Minutes later, the sides were level courtesy of one of the more unpopular goals scored at Highbury. Neville would again play his part, hitting a precision cross into the Arsenal area which Sheringham would stoop to head home and cancel out the advantage. Of course, as an ex Tottenham player plying his trade for United, Teddy received a fair amount of stick from the Highbury masses and he returned it in kind. Swooping past the North Bank with his badge pressed tightly to his lips. Reportedly, several Arsenal fans complained about the celebration. If true, that it quite pathetic. If you've got 36,000 people chanting, 'Oooh Teddy, Teddy, you went to Man United and you're still a c***!', you cannot in the same breath complain when the target of your abuse exacts his revenge. Fair play I say, can anybody honestly say they would not have responded in the same manner?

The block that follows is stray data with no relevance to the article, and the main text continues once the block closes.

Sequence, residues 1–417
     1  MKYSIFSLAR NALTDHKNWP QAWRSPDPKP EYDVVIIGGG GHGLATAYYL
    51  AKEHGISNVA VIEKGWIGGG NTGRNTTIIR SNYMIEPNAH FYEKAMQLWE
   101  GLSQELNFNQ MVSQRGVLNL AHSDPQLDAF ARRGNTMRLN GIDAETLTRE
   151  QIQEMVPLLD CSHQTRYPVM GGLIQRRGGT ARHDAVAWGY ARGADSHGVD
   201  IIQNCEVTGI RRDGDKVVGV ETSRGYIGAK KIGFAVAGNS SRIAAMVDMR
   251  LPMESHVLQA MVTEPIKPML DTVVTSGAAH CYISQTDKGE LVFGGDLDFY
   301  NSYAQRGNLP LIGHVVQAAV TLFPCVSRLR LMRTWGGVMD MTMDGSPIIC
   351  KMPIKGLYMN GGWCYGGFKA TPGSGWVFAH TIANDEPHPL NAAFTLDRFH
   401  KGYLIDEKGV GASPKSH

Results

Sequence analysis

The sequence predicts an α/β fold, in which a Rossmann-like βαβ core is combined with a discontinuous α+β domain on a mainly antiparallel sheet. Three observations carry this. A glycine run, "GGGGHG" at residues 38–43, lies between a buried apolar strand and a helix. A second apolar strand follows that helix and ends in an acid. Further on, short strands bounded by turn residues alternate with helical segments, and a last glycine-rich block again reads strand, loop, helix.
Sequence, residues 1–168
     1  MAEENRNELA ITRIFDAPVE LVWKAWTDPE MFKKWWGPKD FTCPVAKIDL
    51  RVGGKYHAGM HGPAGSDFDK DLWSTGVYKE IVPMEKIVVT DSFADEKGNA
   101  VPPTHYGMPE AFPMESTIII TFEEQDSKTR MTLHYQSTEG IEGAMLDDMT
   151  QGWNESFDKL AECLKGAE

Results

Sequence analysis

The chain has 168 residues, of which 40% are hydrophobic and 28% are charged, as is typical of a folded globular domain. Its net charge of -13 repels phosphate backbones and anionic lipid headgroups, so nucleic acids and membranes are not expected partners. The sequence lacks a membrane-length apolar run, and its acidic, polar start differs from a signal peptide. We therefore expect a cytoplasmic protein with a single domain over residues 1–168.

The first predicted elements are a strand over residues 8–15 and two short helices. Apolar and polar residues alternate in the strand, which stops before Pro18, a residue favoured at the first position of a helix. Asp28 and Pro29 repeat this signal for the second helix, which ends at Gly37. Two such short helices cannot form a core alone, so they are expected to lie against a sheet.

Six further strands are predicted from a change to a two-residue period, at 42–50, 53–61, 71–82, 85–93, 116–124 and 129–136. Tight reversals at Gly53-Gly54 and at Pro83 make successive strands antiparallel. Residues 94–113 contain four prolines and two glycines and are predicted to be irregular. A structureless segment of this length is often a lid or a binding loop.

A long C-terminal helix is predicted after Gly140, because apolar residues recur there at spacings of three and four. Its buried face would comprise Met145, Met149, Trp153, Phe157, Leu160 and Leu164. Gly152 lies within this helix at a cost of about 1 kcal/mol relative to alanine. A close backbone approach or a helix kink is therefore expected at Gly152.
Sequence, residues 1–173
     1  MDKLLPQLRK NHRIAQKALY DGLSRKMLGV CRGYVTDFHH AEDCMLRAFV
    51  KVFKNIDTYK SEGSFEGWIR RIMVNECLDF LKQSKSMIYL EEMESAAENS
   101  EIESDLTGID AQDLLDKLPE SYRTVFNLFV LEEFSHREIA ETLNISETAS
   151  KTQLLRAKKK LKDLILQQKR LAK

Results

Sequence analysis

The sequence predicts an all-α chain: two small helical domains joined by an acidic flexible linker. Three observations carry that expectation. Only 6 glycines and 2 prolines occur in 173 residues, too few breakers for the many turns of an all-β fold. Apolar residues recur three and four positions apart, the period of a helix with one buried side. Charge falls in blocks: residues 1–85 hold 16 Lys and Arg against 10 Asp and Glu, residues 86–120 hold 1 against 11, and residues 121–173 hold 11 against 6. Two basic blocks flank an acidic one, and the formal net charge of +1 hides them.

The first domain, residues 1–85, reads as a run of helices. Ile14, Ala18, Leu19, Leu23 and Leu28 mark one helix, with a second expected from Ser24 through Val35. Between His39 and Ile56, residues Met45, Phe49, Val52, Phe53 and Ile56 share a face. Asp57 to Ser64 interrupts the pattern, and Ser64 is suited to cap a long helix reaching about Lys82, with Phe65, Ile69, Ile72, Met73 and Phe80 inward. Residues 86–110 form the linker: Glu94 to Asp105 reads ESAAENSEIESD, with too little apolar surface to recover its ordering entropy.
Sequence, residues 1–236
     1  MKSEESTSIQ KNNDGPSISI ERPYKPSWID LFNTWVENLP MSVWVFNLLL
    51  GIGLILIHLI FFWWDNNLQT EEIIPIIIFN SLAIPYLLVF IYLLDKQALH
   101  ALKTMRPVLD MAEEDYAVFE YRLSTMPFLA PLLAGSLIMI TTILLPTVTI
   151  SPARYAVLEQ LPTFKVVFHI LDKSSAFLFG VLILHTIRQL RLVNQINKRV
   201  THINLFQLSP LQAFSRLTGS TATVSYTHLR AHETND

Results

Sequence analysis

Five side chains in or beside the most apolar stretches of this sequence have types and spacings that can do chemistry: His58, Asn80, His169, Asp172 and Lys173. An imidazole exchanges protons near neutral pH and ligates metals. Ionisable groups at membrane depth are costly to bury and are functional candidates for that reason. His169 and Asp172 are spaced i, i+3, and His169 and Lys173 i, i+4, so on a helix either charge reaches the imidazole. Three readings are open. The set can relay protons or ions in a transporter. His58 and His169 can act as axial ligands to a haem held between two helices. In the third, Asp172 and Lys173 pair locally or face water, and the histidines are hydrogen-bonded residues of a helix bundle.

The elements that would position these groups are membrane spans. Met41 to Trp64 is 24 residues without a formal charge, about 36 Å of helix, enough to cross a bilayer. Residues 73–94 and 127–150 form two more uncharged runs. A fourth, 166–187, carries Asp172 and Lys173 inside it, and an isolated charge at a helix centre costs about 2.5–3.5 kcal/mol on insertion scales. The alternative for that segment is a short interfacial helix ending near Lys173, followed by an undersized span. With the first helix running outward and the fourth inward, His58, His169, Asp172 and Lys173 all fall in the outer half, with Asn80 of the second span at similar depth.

Arsenal came out for the second half still in shock, looking unlikely to snatch a winner, the Gunners' were instead clinging on for the draw. Having not beaten United for two years prior to the match, the psychological burden looked as heavy as the legs. Seaman was forced to tip a Giggs shot onto the post and Cole went close, as Anelka and Wreh faded from the game. But with seven minutes remaining and United looking like they could settle on a point, Arsenal got their second wind and forced a corner in front of the North Bank, as Phil Neville headed Parlour's whipped cross out of play. Winterburn looked up and arced an outswinger to the penalty spot where David Platt wound back the clock to loop a header over Schmeichel and Phil Neville and into the roof of the North Bank net. Platt wheeled away in celebration, his receeding hair flailing behind him in the fierce November wind and probably the last great moment for one of England's finest ever players. The elation Highbury was enveloped in was as much to do with surprise as celebration, Arsenal had not looked anything like winning the game for nigh on an hour. United pressed on in the remaining minutes, Schmeichel providing an extra nuisance from corners. But Arsenal held firm and dragged themselves back into the title race, kicking and screaming. The pendulous nature of the contest would foreshadow the fortunes of a sporting rivalry which persists to this day. Heartbreaking semi finals, title celebrations, fortuitous Cup Final victories and last minute penalty misses by revered Dutch number 10s lurked on the horizon for these two gladiators. But on this day in November 1997, Arsenal set down a marker that they would challenge United's empiricism for years to come.LD.